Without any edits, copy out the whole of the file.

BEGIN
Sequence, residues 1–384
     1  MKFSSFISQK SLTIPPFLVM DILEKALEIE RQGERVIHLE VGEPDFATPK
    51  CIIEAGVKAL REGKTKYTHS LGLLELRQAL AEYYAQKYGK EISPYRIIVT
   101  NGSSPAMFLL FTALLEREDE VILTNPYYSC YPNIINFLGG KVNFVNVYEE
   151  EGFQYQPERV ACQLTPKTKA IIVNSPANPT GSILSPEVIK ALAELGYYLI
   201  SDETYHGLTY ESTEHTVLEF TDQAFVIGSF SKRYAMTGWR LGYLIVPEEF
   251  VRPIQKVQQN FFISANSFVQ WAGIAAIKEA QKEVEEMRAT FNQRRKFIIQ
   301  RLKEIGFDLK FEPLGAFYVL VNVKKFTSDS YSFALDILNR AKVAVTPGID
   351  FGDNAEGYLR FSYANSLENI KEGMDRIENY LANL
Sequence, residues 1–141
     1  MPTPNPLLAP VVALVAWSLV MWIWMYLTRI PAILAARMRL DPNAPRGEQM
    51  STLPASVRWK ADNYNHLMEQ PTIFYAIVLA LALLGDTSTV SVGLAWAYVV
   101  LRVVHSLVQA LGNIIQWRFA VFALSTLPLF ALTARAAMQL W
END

Sequence, residues 1–384
     1  MKFSSFISQK SLTIPPFLVM DILEKALEIE RQGERVIHLE VGEPDFATPK
    51  CIIEAGVKAL REGKTKYTHS LGLLELRQAL AEYYAQKYGK EISPYRIIVT
   101  NGSSPAMFLL FTALLEREDE VILTNPYYSC YPNIINFLGG KVNFVNVYEE
   151  EGFQYQPERV ACQLTPKTKA IIVNSPANPT GSILSPEVIK ALAELGYYLI
   201  SDETYHGLTY ESTEHTVLEF TDQAFVIGSF SKRYAMTGWR LGYLIVPEEF
   251  VRPIQKVQQN FFISANSFVQ WAGIAAIKEA QKEVEEMRAT FNQRRKFIIQ
   301  RLKEIGFDLK FEPLGAFYVL VNVKKFTSDS YSFALDILNR AKVAVTPGID
   351  FGDNAEGYLR FSYANSLENI KEGMDRIENY LANL
Sequence, residues 1–141
     1  MPTPNPLLAP VVALVAWSLV MWIWMYLTRI PAILAARMRL DPNAPRGEQM
    51  STLPASVRWK ADNYNHLMEQ PTIFYAIVLA LALLGDTSTV SVGLAWAYVV
   101  LRVVHSLVQA LGNIIQWRFA VFALSTLPLF ALTARAAMQL W